The three-month shutdown of restaurants and bars, along with the cancellation of Opening Day tailgates at Miller Park and beer-infused Summerfest, have left Wisconsinites eager to reconnect over drinks.
But the bar scene we’re used to is filled with coronavirus risk factors: crowds, loud talking and singing, long stretches of time spent indoors. Not to mention the fact that even the most well-intentioned people, if they get drunk, may forget or disregard safety precautions designed to stop the spread.
Bars were among the first Wisconsin businesses forced to close in March in an attempt to curb the pandemic. On May 13, the day the state Supreme Court struck down Gov. Tony Evers’ stay-at-home order and allowed businesses re-open, people headed out to reclaim their favorite barstools. In Madison, limited indoor capacity led to long lines outside with little social distance. Cases in Dane County spiked, and health officials banned indoor bar service there again July 1.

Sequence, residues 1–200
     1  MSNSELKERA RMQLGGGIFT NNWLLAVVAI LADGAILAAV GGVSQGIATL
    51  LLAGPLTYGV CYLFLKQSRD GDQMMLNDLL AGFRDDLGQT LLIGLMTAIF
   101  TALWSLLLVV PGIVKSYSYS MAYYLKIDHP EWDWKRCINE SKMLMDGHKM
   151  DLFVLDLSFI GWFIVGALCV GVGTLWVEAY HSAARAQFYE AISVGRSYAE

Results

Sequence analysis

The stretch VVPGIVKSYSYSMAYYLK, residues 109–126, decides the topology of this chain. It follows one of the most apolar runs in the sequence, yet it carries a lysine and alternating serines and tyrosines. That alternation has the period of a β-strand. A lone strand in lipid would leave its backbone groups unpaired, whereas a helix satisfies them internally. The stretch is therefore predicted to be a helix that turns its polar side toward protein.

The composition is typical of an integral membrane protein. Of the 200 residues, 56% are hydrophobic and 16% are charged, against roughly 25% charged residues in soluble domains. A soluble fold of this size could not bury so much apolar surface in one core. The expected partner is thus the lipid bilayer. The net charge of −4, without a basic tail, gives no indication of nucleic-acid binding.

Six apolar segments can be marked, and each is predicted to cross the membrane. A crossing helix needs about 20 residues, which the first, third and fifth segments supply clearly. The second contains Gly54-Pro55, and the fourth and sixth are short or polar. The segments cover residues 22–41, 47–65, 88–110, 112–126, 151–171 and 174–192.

Other states are facing similar challenges. But few — if any — are places where bars and the drinking culture is so intertwined with the state's identity.
In 2017, the most recent year available, the state had one liquor license for every 339 people, or 17,100 licenses in all. According to the 2018 federal Behavioral Risk Factor Survey, 62.8% of Wisconsin adults said yes when asked if they had consumed at least one alcoholic drink in the past 30 days.
That was higher than every state except Massachusetts.